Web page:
Allen then held up the book Pioneers and Prominent Men of Utah, and told the story of how the collection came about. He said the original organizers of the data had a difficult time gathering the information. The labor was so intense at times for them and so overwhelming, that it is written in the book: “… the vastness of the undertaking dawned upon its promoters and depressed them to almost stupidness.”

According to Allen, through technology, family historians are transitioning from an “old” way to a “new” way to do genealogy. In many cases, the “old” way was through individual effort. “We have built on the shoulders of dedicated individuals,” said Allen. “The shift now is from the dedicated sacrifice of individuals to open source or crowd sourcing where groups collaborate-where individual users contribute and work together.”

After Allen mentioned some of the projects that his company was undertaking to help connect families and bring them closer together, he said he hoped he and others wouldn’t experience a similar “vastness of the undertaking” and a depression “almost to stupidness.”

“Now the efforts are coming to a head, and the work will move forward in unprecedented ways,” predicted Allen. “This is a global work. Where we haven’t started scratching the surface is Asia. The population of North America in 1750 was 2 million. Asia had 500 million in 1750. Last week, the Chinese government announced more Internet users in China than in United States. Many of them are accessing the Internet via a cell phone. There are now about 4 billion cell phones. Think about that in terms of technology and family history. You are going to see some of the most remarkable things you have ever imagined.”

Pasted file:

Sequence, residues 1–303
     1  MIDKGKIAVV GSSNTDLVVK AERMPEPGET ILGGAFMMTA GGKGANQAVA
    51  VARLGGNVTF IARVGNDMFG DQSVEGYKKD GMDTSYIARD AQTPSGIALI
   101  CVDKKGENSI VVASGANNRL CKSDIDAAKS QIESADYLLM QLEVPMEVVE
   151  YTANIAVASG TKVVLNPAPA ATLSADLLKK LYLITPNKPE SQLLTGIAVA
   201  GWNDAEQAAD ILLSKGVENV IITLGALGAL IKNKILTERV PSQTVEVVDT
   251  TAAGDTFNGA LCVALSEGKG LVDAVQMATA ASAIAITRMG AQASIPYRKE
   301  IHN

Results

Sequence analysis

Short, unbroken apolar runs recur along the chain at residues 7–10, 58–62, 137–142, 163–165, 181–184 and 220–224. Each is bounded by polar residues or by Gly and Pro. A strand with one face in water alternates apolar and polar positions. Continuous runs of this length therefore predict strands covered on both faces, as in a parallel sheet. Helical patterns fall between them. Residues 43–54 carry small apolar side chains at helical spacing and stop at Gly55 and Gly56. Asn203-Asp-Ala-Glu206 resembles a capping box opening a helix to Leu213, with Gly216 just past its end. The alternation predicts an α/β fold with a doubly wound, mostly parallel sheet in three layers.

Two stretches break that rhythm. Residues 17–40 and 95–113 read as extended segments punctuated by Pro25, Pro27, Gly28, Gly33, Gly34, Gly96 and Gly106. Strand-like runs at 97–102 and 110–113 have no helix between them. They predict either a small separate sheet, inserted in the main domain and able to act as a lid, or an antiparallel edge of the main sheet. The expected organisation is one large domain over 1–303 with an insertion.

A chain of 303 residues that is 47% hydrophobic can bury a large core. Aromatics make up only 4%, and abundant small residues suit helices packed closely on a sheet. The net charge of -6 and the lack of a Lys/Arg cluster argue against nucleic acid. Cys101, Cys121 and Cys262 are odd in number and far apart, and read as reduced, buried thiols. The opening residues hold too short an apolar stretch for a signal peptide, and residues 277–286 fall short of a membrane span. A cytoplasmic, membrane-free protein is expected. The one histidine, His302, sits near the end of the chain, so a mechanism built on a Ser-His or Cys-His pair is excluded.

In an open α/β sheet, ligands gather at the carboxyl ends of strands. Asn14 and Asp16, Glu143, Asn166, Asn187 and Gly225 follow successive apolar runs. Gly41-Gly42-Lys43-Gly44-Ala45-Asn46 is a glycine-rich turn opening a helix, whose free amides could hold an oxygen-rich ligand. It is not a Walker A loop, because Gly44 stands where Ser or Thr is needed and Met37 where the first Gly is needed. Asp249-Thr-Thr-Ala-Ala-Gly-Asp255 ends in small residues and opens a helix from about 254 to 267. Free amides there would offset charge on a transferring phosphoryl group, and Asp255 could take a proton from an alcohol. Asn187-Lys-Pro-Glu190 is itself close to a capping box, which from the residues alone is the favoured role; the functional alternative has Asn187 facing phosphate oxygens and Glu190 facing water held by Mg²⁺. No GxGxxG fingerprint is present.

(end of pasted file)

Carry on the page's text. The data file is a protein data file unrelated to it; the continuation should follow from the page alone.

Allen announced the collaboration between FamilySearch and to publish the Family History Library Catalog-the largest single database of genealogy sources in the world-using a Web 2.0 approach. With the application of the Web 2.0 technology, individual genealogists, librarians, archivists, and others from around the world will be able, when the catalog comes online in the coming months, to enhance and extend the value of the catalog that currently has more than four million entries.